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  • Sixth Circuit Affirms District Court’s Dismissal Of Putative Securities Class Action Against Car Insurance Company For Failure To State A Claim
    05/14/2024

    On April 29, 2024, the United States Court of Appeals for the Sixth Circuit affirmed the dismissal with prejudice of a putative class action asserting claims under the Sections 11, 12(a)(2), and 15 of the Securities Act of 1933 (the “Securities Act”) and Section 10(b) of the Securities Exchange Act of 1934 (the “Exchange Act”) and Rule 10b-5 promulgated thereunder, alleging that a car insurance technology company (the “Company”), certain of its officers, and the underwriters of the Company’s initial public offering (“IPO”) misled investors in the Company’s initial public offering materials. Kolominsky v. Root, Inc., No. 23-3392 (6th Cir. Apr. 29, 2024). Reviewing the district court decision de novo, the Court held that the complaint sounded in fraud and that the heightened pleading standard required by Rule 9(b) of the Federal Rules of Civil Procedure applied to the Securities Act claims and that the challenged statements were not actionable because they were based either on past performance and historical data or protected by the “Bespeaks Caution” doctrine. 

  • First Department Of New York Affirms Dismissal Of Securities Claims Against Mass Media And Entertainment Company
    04/09/2024

    On April 4, 2024, the State of New York, Appellate Division, First Judicial Department (the “First Department”) affirmed dismissal of a securities class action against a mass media and entertainment company (the “Company”) and two of its executives (the “Individual Defendants”), and affirmed-in-part and reversed-in-part the denial of the motions to dismiss filed by the underwriters of the offerings at issue (the “Underwriters”). Camelot Event Driven Fund, et al. v. Morgan Stanley & Co. LLC, et al., No. 2023-00983 (1st Dep’t Apr. 4, 2024). Plaintiffs alleged defendants violated Sections 11, 12 and 15 of the Securities Act of 1933 (the “Securities Act”) by concealing certain information from the offering materials issued in connection with the Company’s March 2021 secondary and initial offerings (the “Offerings”).

  • Northern District Of California Grants Motion To Dismiss Putative Class Action Against Biotechnology Instrument Company
    03/26/2024

    On February 20, 2024, Judge Haywood S. Gilliam, Jr. of the United States District Court for the Northern District of California granted with leave to amend a motion to dismiss a putative securities class action against a manufacturer of laboratory instruments and other advanced automation systems (the “Company”), certain of its current and former officers and directors, several venture capital firms that invested in the Company, and the underwriters of the Company’s July 2020 IPO. Victor J. Ng, et al. v. Berkeley Lights, Inc., et al., No. 21-cv-09497-HSG (N.D. Cal. Feb. 20, 2024). Plaintiff alleged that defendants violated Sections 11, 12(a)(2), and 15 of the Securities Act of 1933, and Sections 10(b) and 20(a) of the Securities Exchange Act of 1934 and Rule 10b-5 thereunder, by making false and misleading statements and omissions regarding the functionality of the Company’s flagship product (the “Product”).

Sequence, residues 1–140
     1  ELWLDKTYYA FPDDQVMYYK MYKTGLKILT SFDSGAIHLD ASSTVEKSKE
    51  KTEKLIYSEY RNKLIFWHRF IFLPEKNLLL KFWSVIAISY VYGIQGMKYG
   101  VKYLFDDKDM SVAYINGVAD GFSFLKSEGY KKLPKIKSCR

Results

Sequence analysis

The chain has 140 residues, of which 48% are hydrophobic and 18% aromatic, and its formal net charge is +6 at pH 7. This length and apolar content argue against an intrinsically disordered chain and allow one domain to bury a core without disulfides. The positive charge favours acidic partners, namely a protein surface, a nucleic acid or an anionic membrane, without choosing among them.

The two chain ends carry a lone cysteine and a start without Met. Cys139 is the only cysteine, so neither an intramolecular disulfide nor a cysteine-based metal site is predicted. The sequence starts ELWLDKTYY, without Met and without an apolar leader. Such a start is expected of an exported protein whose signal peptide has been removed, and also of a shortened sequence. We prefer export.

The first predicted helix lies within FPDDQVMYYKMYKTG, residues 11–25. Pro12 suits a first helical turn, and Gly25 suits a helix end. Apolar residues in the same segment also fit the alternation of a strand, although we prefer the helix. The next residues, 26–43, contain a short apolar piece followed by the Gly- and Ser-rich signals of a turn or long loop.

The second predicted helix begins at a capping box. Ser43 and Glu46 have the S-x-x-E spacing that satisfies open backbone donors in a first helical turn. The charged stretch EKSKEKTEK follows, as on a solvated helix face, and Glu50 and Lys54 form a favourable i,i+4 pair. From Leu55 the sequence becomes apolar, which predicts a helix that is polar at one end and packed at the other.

• Second Circuit Reverses Dismissal Of Putative Securities Class Action By Crypto Investors, Addressing Extraterritoriality And Timeliness Arguments
     
    03/26/2024

    On March 8, 2024, the United States Court of Appeals for the Second Circuit reversed a trial court decision dismissing a putative securities class action brought by purchasers of crypto assets against an international crypto exchange company (the “Company”) and certain of its officers, alleging violations of Section 12(a)(1) of the Securities Act of 1933 (the “Securities Act”), as well as various state securities laws (“Blue Sky” laws), and also seeking recission of the contracts they entered into with the Company, under Section 29(b) of the Securities Exchange Act (the “Exchange Act”). Williams v. Binance, No. 22-972 (2d Cir. Mar. 8, 2024). Plaintiffs alleged that the Company unlawfully promoted, offered, and sold billions of dollars’ worth of crypto-assets without registering these as securities and without registering themselves as a securities exchange or broker-dealer. The United States District Court for the Southern District of New York granted the Company’s motion to dismiss, holding that (1) plaintiffs’ claims constitute an impermissible extraterritorial application of securities law and (2) plaintiffs’ federal claims were untimely under the applicable statute of the limitations. On appeal, the Second Circuit reversed on both counts and remanded for further proceedings.